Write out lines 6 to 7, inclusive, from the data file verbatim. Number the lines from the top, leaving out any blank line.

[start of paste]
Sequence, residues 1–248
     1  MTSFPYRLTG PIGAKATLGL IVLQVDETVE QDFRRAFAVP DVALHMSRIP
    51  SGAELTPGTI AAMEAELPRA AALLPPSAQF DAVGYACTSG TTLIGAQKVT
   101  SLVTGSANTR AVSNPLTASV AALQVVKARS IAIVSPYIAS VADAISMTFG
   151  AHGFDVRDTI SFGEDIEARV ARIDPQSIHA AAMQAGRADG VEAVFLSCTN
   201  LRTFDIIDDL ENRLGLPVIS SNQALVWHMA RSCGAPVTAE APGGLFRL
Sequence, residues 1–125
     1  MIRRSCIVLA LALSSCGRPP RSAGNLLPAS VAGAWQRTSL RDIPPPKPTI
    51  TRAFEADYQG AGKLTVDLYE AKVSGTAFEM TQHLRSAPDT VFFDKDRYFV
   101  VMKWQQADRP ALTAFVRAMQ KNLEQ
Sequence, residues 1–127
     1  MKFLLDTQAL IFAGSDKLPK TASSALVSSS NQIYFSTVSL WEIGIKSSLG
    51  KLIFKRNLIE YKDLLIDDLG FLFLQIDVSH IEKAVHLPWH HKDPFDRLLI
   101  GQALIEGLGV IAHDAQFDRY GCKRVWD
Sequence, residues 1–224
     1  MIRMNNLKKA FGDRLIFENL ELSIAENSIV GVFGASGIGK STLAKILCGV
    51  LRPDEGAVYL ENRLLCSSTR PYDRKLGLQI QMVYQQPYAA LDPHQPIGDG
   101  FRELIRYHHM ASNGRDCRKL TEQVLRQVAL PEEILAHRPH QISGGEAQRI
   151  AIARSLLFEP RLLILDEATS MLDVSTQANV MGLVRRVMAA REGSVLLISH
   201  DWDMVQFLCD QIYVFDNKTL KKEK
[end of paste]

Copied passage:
   201  LRTFDIIDDL ENRLGLPVIS SNQALVWHMA RSCGAPVTAE APGGLFRL
Sequence, residues 1–125